Researchers have discovered a new class of proteins that protect synapses from being destroyed. Synapses are the structures where electrical impulses pass from one neuron to another.
The discovery, published in the journal Nature Neuroscience, has implications for Alzheimer's disease and schizophrenia. If proven, increasing the number of these protective proteins could be a novel therapy for the management of those diseases, researchers said.
In Alzheimer's disease, loss of synapses leads to memory problems and other clinical symptoms. In schizophrenia, synapse losses during development predispose an individual to the disorder.
"We are studying an immune system pathway in the brain that is responsible for eliminating excess synapses; this is called the complement system," said the senior author of the research.
"Complement system proteins are deposited onto synapses," the author explained. "They act as signals that invite immune cells called macrophages to come and eat excess synapses during development. We discovered proteins that inhibit this function and essentially act as 'don't eat me' signals to protect synapses from elimination."
During development, synapses are overproduced. Humans have the most synapses at the ages of 12 to 16, and from then to about age 20, there is net synapse elimination that is a normal part of the brain's maturation. This process requires the complement system.
In adults, synapse numbers are stable, as synapse elimination and formation balance out. But in certain neurological diseases, the brain somehow is injured and begins to overproduce complement proteins, which leads to excessive synapse loss.
"This occurs most notably in Alzheimer's disease," the author said. In mouse models of Alzheimer's disease, researchers have found that the removal of complement proteins from the brain protects it from neurodegeneration, the author said.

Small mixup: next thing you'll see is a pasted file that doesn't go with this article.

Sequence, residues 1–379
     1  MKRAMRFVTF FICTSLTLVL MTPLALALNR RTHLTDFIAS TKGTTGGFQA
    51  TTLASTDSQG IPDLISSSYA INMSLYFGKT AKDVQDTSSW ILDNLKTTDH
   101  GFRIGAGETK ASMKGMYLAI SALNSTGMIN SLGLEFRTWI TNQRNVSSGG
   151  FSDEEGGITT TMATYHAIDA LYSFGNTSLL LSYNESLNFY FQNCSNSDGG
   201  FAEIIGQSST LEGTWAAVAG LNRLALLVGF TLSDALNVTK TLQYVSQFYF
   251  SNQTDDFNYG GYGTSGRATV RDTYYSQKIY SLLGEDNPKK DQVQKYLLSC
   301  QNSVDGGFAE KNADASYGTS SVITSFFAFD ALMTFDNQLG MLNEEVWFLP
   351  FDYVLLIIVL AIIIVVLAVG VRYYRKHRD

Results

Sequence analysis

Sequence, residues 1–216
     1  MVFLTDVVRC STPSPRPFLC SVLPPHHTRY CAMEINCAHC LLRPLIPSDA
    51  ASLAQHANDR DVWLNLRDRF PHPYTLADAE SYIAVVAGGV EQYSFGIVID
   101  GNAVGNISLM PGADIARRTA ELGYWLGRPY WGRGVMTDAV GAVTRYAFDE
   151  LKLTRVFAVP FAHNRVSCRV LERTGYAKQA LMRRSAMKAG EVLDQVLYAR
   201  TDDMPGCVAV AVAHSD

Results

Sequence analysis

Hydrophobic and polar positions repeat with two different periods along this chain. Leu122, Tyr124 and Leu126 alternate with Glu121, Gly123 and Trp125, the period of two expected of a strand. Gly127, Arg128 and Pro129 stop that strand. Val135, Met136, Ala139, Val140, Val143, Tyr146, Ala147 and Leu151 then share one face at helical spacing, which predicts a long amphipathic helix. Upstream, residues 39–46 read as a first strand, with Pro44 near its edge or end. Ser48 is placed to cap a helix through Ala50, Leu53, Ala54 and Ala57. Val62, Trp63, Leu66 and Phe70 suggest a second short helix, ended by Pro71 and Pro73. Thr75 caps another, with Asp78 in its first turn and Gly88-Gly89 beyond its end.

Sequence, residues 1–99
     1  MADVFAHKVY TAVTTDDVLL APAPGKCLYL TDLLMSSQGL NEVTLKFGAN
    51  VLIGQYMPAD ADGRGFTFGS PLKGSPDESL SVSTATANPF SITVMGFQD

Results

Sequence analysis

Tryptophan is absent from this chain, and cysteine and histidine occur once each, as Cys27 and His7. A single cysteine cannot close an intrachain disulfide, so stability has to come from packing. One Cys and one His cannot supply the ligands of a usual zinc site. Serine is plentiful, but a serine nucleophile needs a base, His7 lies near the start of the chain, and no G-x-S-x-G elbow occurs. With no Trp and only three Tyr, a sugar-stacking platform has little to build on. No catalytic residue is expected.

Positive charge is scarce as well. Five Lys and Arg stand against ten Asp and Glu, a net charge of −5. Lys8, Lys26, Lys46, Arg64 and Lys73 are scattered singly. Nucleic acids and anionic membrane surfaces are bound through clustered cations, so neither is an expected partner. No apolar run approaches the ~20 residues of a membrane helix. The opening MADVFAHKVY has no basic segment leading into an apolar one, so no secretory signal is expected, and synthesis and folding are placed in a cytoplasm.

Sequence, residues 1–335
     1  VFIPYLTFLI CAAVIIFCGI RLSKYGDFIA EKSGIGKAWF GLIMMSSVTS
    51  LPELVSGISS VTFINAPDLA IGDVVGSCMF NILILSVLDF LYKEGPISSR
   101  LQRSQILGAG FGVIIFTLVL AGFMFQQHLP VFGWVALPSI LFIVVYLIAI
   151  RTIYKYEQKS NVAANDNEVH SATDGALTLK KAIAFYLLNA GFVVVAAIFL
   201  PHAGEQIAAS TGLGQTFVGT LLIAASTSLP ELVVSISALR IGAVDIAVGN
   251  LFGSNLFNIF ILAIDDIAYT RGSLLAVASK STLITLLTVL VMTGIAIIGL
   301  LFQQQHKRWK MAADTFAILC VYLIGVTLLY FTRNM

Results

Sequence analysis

"We've known about the complement proteins, but there was no data to show that there were actually any complement inhibitors in the brain," the author said. "We discovered for the first time that there are, that they affect complement activation in the brain, and that they protect synapses against complement activation."
The researchers focused on a neuronal complement inhibitor called SRPX2. The studies are being conducted in mice that lack the SRPX2 gene, that demonstrate complement system overactivation and that exhibit excessive synapse loss.
The authors show that the sushi domain protein SRPX2 is a neuronally expressed complement inhibitor that regulates complement-dependent synapse elimination. SRPX2 directly binds to C1q and blocks its activity, and SRPX2−/Y mice show increased C3 deposition and microglial synapse engulfment. They also show a transient decrease in synapse numbers and increase in retinogeniculate axon segregation in the lateral geniculate nucleus.
In the somatosensory cortex, SRPX2−/Y mice show decreased thalamocortical synapse numbers and increased spine pruning. C3−/−;SRPX2−/Y double-knockout mice exhibit phenotypes associated with C3−/− mice rather than SRPX2−/Y mice, which indicates that C3 is necessary for the effect of SRPX2 on synapse elimination.
Inhibitors of complement system that protect synapse elimination identified!
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